Statement of the Problem
1. Mueller-Lehmkuhl GmbH (MLG) is one of the four major suppliers of apparel fasteners in Europe, having a 17% market share.
2. The market is acting in an almost-oligopolistic manner. Barriers to entry include a long-standing business relationship between sellers and buyers. The $551 million European market is also very mature, growing 1% annually.
3. MLG is limited by its recent joint venture with an American firm in terms of possible other markets. Its strongest hold is the European market which is the main source of its revenues. In 1986, MLG is profitable company, with gross revenues of 103 million.
4. Hiroto Industries (HI) is threatening the business of MGL. HI is a Japanese firm with critical mass supporting its operations in Japan. It is targeting 25% of its total business to come from Europe, thereby invading MLG and the other entrenched player’s market.
5. HI has successfully gained foothold in the market (7.2% in 1986). It does so by focusing only on the production and sale of apparel fasteners. In contrast, MLG’s business model combines the production of apparel fasteners and the machines needed to attach them. HI is offering the same quality fasteners at a 20% discount.
6. The concern of MLG is how could HI enter a mature market, sell the same quality of apparel fasteners at a 205 discount to current market prices and remain profitable? With no mention of technical superiority or other advantages, why is HI’s strategy working?
7. How can MLG change the way it is doing business and still protect core values, retains its commitment to quality and corporate identity, and long-term viability?
8. What can MLG do operationally different to ensure profitability of its core business and what directives should it take regarding the business of manufacturing, selling and servicing attaching machines?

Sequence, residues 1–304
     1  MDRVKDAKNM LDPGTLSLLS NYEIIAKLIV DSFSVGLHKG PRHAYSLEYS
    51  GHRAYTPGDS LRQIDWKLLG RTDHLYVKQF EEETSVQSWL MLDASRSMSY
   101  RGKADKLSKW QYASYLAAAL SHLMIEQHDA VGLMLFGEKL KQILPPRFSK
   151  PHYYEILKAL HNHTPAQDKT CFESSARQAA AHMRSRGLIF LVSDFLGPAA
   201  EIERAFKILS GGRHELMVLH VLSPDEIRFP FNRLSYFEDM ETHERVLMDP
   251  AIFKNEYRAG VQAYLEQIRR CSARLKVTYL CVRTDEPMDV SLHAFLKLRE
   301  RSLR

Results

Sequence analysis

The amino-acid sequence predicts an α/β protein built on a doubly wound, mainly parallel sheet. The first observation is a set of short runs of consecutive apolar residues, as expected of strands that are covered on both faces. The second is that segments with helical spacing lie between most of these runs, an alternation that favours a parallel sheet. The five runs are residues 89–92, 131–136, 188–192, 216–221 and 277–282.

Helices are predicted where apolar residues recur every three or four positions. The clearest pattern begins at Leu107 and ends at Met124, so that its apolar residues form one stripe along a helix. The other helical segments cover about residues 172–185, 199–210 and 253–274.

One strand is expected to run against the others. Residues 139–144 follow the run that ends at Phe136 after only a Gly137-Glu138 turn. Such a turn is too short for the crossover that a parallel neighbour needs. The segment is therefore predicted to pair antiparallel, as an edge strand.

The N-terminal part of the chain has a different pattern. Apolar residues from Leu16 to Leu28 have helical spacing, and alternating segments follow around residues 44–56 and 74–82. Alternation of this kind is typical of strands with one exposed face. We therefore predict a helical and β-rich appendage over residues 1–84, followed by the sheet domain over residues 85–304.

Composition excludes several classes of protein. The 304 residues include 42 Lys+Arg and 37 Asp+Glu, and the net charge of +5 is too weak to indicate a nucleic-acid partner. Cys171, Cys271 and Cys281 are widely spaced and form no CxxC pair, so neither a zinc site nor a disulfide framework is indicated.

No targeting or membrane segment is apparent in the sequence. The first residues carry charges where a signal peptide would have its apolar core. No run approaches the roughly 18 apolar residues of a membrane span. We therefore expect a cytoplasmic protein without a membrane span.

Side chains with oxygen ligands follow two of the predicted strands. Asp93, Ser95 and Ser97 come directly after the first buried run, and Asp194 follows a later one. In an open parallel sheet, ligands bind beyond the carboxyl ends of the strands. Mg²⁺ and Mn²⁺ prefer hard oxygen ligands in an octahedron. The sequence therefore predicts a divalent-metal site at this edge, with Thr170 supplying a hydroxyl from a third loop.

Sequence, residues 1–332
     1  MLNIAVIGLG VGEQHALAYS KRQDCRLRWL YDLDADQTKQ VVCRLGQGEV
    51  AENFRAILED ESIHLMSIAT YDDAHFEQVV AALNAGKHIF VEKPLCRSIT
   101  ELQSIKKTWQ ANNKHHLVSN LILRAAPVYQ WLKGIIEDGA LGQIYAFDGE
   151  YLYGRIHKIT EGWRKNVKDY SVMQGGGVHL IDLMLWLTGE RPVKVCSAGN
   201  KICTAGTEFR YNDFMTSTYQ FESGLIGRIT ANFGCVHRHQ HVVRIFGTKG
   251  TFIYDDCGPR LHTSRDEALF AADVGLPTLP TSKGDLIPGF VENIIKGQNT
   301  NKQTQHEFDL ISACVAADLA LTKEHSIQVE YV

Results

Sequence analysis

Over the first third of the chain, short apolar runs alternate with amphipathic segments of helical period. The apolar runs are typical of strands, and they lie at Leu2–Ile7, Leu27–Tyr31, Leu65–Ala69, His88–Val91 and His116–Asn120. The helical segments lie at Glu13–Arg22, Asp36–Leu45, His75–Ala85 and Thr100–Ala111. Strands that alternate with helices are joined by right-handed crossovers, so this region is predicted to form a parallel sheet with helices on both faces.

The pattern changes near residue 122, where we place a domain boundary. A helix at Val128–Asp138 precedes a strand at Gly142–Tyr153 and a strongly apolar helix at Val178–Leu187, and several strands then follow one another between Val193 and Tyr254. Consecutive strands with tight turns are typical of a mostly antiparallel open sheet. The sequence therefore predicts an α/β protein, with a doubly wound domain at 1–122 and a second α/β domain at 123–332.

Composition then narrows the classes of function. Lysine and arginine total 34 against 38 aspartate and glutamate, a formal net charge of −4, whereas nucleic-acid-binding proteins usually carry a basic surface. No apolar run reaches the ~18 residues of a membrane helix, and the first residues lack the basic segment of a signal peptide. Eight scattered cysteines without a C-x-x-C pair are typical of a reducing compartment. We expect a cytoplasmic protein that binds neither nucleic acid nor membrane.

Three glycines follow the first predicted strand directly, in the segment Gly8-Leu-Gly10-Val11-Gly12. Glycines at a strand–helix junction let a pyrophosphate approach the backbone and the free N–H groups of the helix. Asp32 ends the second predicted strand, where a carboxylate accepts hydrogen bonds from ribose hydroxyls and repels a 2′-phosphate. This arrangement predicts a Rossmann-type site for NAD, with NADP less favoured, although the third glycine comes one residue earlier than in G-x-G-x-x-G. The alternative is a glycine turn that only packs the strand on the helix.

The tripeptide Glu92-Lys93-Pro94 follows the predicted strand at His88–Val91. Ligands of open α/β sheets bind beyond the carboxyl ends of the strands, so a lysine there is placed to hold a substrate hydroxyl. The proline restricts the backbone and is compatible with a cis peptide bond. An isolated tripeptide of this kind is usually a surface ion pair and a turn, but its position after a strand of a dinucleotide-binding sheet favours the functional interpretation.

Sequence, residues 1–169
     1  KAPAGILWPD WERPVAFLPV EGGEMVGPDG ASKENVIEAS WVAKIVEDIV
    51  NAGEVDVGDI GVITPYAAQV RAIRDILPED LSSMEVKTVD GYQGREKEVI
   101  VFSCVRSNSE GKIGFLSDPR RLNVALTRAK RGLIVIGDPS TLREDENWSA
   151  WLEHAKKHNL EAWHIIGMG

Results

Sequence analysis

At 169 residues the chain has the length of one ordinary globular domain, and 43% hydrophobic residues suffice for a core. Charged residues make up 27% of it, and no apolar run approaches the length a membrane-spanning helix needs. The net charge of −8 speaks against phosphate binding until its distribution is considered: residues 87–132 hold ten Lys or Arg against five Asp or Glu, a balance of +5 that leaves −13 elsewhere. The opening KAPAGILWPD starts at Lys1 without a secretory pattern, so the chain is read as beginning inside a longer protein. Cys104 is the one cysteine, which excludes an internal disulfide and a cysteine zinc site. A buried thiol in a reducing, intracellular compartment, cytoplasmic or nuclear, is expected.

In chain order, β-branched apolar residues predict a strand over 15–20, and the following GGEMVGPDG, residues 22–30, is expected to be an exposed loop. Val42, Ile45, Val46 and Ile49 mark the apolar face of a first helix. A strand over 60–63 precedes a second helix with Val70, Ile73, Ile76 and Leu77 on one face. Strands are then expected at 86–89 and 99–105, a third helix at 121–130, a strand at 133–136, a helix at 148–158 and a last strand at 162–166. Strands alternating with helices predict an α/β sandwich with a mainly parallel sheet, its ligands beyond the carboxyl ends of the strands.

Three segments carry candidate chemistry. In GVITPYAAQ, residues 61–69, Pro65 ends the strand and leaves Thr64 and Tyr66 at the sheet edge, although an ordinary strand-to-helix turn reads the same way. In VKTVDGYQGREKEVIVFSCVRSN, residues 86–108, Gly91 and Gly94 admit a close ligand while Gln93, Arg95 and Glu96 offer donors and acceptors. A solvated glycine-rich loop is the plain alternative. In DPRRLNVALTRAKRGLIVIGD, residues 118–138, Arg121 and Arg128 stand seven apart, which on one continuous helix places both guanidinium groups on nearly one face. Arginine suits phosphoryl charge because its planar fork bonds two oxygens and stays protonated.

1. Mueller-Lehmkuhl GmbH (MLG) produces 17% of the apparel fasteners in Europe. Its business model involves the production of fasteners and attaching machines. The production, sale or rental, and servicing of the attaching machines are viewed by MLG as one of its most effective market protection mechanisms. It sells and rents out machines that are only used for its own fasteners. Coupled with free-servicing, MLG has been able to cultivate a long-standing business relationship with its customers.
2. HI has changed the business by segregating the business of selling fasteners and selling attaching machines. Firstly, it offers fasteners at a 20% discount to MLGs price. Secondly, it does not own, produce or maintain any attaching machine. The attaching machines, which can be used for HI’s fasteners or even MLGs, are sold to distributors, who in turn offer the service to customers, thereby competing with MLG as well.
3. To survive, MLG must change the way it is doing business. If it copies HI’s strategy, the calculated results show that MLG will in fact be more profitable selling fashion apprarel fasteners only and spinning off the production of attaching machines as another business. MLG’s net income will grow from $9.5 M (current business model in 1986) to $35 M in the same year. It will have an average gross margin of 21% versus 18% gross margin using the current business model.